Ryan J Schutt, LT, MC, USN, John Walsh, LT, MC, USN, Frank Zuehl, MD, Jason Brill, LCDR, MC, USN, Louis Rivera, CDR, MC, USN, Romeo Ignacio, CAPT, MC, USN. Naval Medical Center San Diego
Background: The USNS Mercy is the largest floating hospital ship in the world that participates in humanitarian and disaster relief training (HA/DR) missions. For the past decade, the USNS Mercy has participated in multiple HA/DR missions that has provided various levels of surgical treatment. The management of oncology cases has been controversial and current recommendations have discouraged complex cancer cases. We evaluated the experience with surgical cancers encountered during USNS Mercy missions and discuss the ethical challenges in managing such malignancies.
Objective: To determine incidence of surgical oncologic cases performed on the USNS Mercy on two HA/DR deployments. In addition, we plan to discuss the ethical dilemmas in the surgical management of malignancies in such missions.
Methods: During the HA/DR missions in 2012 and 2015, surgical pathology specimens were reviewed and analyzed according to organ system, location, and benign versus malignant diagnoses. Primary endpoints were total number and percentage of malignant cases. Secondary endpoints included demographic data and malignant versus benign diagnoses based on organ systems.
Results: The total cases performed between both missions were 1,530. Operations were performed on both pediatric and adult patients and female patients comprised 45.4% of this group. Thirty-four percent (N=516) of these procedures resulted in at least one patient sample (surgical specimens/biopsies, FNAs, etc.) Thirteen percent of these pathology specimens were malignant. Thyroid operations accounted for the largest number of cancerous cases (N=20), and the second largest percentage of cases related to cancer (36%). The organ system with the largest percentage of malignancies was the parotid and other salivary gland surgeries (N=16) at 37%. Remaining organ system malignancy rates were below 20%.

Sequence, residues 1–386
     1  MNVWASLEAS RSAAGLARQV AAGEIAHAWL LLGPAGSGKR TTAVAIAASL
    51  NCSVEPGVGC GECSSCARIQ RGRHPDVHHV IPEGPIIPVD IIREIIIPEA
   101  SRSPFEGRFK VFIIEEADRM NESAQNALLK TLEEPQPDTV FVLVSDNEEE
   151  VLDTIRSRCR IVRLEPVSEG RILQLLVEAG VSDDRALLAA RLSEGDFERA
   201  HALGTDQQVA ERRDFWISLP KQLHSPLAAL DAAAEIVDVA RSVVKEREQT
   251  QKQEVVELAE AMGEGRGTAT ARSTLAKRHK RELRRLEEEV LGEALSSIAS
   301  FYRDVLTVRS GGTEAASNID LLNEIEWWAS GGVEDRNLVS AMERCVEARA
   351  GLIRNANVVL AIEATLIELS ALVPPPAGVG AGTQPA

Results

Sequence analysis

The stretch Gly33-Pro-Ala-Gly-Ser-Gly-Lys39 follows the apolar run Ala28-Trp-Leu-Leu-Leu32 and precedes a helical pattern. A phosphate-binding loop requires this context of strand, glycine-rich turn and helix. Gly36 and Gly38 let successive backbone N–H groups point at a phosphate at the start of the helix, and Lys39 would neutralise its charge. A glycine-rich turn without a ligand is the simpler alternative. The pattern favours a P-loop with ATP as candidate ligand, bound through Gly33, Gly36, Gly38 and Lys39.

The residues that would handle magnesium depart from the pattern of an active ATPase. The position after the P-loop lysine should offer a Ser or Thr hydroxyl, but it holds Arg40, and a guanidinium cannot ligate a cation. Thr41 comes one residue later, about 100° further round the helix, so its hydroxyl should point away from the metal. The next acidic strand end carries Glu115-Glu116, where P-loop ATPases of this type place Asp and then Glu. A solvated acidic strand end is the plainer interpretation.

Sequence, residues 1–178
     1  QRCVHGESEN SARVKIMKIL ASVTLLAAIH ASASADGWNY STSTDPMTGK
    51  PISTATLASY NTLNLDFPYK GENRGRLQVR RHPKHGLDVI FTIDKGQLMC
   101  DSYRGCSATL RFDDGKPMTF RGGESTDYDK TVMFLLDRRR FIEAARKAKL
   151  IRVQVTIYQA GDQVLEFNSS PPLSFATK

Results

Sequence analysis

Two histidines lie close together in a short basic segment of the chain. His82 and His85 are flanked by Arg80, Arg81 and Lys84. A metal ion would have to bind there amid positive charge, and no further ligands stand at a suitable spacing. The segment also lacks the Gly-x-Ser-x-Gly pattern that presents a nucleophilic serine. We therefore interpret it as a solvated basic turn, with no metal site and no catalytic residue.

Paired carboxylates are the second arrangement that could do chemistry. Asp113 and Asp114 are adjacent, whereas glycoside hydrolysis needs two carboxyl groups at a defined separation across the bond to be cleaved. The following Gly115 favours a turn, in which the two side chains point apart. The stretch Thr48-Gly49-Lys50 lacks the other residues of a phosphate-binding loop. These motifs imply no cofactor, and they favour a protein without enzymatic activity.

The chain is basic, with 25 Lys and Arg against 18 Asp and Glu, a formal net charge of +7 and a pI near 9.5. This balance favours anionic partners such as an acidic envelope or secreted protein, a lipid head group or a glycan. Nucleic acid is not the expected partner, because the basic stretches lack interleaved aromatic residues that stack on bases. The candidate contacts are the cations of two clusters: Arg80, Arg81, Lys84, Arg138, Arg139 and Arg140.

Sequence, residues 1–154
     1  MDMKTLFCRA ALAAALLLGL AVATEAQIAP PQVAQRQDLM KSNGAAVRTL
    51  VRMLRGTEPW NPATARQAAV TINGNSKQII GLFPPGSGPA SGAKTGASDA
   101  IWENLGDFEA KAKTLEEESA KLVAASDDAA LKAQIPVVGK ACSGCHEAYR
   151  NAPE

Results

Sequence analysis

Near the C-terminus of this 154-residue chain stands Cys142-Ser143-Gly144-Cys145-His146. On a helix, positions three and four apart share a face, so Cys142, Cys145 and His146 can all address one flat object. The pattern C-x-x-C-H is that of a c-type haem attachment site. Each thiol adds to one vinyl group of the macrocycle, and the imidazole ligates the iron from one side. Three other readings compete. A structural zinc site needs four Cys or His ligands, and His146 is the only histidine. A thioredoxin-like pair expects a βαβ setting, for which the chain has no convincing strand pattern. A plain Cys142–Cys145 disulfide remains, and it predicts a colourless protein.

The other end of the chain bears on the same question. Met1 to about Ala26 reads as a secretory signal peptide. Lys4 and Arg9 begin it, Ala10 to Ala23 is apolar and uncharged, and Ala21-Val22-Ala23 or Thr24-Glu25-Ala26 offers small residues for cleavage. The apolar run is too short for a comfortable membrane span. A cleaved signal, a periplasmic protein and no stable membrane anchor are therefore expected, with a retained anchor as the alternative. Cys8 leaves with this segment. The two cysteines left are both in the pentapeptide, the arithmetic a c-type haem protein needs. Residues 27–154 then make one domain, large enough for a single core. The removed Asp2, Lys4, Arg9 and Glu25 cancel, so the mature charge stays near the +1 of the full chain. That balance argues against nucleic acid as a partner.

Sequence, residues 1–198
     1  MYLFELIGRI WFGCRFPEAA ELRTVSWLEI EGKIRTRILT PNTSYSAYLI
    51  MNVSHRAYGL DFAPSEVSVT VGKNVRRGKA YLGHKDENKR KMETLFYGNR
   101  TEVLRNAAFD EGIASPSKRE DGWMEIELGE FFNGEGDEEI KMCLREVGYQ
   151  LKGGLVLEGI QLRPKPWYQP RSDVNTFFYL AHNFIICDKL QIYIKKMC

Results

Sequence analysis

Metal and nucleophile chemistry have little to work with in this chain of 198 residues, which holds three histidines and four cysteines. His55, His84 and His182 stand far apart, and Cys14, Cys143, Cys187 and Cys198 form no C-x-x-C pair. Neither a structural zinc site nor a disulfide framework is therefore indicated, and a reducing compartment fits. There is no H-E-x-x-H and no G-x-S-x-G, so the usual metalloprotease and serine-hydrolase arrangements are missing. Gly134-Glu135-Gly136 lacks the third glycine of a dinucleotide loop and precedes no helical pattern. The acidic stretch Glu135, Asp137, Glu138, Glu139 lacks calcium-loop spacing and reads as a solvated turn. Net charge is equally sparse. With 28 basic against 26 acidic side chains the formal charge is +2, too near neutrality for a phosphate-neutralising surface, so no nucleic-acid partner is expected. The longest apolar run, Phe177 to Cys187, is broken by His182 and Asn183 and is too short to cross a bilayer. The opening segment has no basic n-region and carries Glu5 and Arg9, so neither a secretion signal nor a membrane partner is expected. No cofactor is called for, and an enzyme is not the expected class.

Conclusions: Management of malignant neoplasms during HA/DR missions is an ethical challenge in low-middle income countries (LMICs). Reasons include poor follow-up, limited resources and inadequate access to care, to surgeons and oncologists in LMIC healthcare systems. Long-term outcomes of these patients are not available, highlighting one of the primary concerns regarding the treatment of LMIC cancer cases. Despite current policies to minimize such cases, 13% of surgical pathologies were found to be malignant. Contingent plans must be considered in managing these patients, particularly those cases with head and neck malignant diagnoses, in order to provide better quality care and improved outcomes. This data should aid in future planning in supporting and treating cancer patients on humanitarian missions.
Presented at the SAGES 2017 Annual Meeting in Houston, TX.
Abstract ID: 81028
Program Number: MSSP02
Presentation Session: Military Poster (Non CME)
Presentation Type: MSSPoster